What Are the Types of Insulated Glass Windows Used at Homes and Commercial Buildings?

Insulated glass windows or glazed glass windows are a process of putting two or three panes of glass together as a single unit. It involves leaving some space in between those glass in order to input air, krypton, and other gases that mitigate heat, sunlight, and more.Glazed windows have been on for decades, right before people started figuring out new ways of saving energy cost as they continue to triple yearly. Insulated windows mean a warm bed during winter because of its ability to trap in air. They are also expected to save us from intense weather conditions during the summer as well. Instead of spending more money powering the air conditioner or an HVAC system, it makes more sense installing glazed window.


What types of windows do we have in the market?

Windows is an essential part of every building arrangement, especially for commercial buildings and homes where people spend most of their time. They provide for ventilation, aesthetic value, lighting, scenery, and clear peace of mind. Some of the windows we have grown to appreciate started from wood, aluminum, fiberglass, plexiglass, glass panes, curtains, and today we have the glazed glass.
Glazed glass is far more expensive and more protective than the rest. It offers security from a lot of stuff we humans want to hide behind like the sun, cold, insects, privacy, robbery, burglary, and much more. Glazed glass is produced mostly in factories all over the US that have the right machines to put them and their features in place, like tints, coatings, reflective sprays, etc. For more types of glass windows click here.
Types of insulated glass for homes and commercial buildings
Glazed glass work with an R-value or U-factor as it is popularly called. The lower the U-factor, the better the window can insulate against heat or cold. A single glass pane can carry an R-value of 1, which is equivalent to U-1. But two or three panes give a U-factor value of U-0.5 and U-0.33, respectively.
However, there are other ways an insulated glass window U-factor and R-value can be improved upon like inert glass fillings, tinting, and low E-coating, which we will be talking about much later.
Single insulated glass windows
Here is a glass window that is glazed with only one pane. Meaning it can take on more heat inside and light too. It is far cheaper than the other glass panes we are going to talk about here. It involves glazing a single sheet of glass by filling it with inert gas, which can make it resistant to heat, sun, or cold in general.
Double or triple glazed insulated glass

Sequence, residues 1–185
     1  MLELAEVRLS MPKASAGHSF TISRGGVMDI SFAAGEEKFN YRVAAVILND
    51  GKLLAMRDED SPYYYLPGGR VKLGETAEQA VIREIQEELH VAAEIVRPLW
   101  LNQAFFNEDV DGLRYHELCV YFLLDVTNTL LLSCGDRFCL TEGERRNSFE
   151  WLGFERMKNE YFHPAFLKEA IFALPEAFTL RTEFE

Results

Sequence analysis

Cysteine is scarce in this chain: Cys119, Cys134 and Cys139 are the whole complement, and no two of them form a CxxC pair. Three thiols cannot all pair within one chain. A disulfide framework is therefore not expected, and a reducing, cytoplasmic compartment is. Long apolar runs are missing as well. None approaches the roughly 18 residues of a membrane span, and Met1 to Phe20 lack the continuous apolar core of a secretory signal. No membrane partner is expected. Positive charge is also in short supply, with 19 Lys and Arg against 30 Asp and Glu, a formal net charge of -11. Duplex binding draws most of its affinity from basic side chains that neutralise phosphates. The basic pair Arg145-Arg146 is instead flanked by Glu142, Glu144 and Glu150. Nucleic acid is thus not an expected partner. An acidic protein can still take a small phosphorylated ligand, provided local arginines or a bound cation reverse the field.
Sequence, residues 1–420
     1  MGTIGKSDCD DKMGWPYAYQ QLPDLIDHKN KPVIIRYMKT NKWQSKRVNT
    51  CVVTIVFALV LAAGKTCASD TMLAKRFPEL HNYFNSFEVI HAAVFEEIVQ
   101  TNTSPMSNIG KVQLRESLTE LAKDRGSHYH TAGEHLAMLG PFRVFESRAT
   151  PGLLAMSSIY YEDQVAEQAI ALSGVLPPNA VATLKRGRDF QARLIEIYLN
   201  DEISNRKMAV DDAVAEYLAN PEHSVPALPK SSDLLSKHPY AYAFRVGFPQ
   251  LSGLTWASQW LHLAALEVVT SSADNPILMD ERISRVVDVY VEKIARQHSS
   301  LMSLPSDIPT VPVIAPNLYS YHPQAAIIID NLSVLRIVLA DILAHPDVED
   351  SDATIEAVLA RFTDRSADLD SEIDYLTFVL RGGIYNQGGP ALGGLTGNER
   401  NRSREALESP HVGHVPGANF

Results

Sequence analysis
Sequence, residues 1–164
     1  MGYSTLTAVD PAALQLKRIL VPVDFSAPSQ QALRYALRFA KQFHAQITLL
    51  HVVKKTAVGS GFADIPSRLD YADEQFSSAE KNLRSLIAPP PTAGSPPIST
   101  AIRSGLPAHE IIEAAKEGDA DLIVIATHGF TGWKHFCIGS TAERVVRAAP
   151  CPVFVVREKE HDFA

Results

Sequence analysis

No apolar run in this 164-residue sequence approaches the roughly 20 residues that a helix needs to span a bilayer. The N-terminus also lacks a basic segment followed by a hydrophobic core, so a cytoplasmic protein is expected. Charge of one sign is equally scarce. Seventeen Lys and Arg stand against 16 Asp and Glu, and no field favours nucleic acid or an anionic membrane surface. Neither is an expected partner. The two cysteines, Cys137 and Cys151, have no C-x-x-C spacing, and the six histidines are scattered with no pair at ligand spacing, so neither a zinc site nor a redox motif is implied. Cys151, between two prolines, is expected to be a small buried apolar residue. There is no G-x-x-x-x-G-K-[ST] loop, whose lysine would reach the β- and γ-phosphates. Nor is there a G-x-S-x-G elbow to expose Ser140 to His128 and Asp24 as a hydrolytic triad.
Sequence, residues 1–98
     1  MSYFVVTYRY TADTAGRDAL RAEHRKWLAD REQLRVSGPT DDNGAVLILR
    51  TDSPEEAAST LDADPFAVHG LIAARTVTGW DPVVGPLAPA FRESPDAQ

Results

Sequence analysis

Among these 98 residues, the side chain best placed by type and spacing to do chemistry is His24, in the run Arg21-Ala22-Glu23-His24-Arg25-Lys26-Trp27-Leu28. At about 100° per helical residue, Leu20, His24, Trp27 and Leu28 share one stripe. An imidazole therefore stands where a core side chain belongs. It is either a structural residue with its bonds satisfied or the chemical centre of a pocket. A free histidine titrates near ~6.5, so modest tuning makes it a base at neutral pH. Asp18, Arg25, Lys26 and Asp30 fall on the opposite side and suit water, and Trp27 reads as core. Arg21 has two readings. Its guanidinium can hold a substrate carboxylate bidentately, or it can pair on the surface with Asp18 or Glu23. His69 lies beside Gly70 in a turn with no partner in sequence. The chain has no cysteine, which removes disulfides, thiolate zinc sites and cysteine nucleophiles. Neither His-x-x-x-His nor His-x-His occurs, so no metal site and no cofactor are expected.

As we have rightly mentioned, these types of insulated glass are far more expensive and offer more protection. In between, each space is filled with air or gases that help reduce the pressure of heat and cold from inside and out of the home or commercial building. Those who choose to use them need to trap more air inside than they do outside. People who purify the air they breathe would rather have this type of protection together with their filtration system. Someone with an HVAC system can still use them to trap the cold inside even when it is not put on.
For every country, city, and state, there are building codes to adhere to. The same applies to the use of insulated glass. For example, in the US, areas of a specific climatic condition are requested to use a double or triple-pane glass in their homes. If they can't afford that, some other solutions are provided for them like:
Low E-coating insulated glass window
E-coating is a metallic spray or paints on the glass for them to show low emissivity to the display of light and the resistance to heat in the room. They come in two forms, which are majorly to reduce the building's SHGC ratings. However, they are highly recommended by the US Department of Energy as very efficient in transmitting less heat when they use them with glazed glass panes. Don't worry, they are not visible except under a special light, and they will not blur the view from your window either. They are mostly combined with two or three-pane glazed windows to give out the best effect.
Tinted glass windows
Whether you are using the standard or the high-performance tint for your glazed window, you have to consider that they all perform the same function at different lengths. Standard means you get to have some privacy, low light emission into the room, but it has less resistance to heat. High performance comes with more light in the room, but it is far more effective in reducing the amount of heat that makes it from UV rays.
Reflective glass windows
What most people do when they are trying to save costs is to use a reflective glass window. That way, the light bounces off the outer glass panes and leave with low emission into the room. They can be of any color between gold, silver, or bronze. Still, they provide much more in their mirror-like display that allows less heat to come into the room or commercial building. They are less expensive to procure if compared to tinted or low E-coating.
Inert gas fills and spacers
Gas fills and spacers are the gas and the amount of space present in an existing glazed glass window. Usually, between 1/4 and 1/2 space is required to fill the argon or krypton gas that allows for effective heat insulation on your glazed glass. The amount of each use goes a long way in reducing the U-factor of the glass. Argon is far more expensive to use, though.
In conclusion, homes and commercial building owners have to define the type of insulation they want for their loved ones and employees. The budget doesn't have to be large to meet up with the basic requirements of certain city building codes. However, each will go a long way in reducing the cost of energy at homes or commercial buildings.
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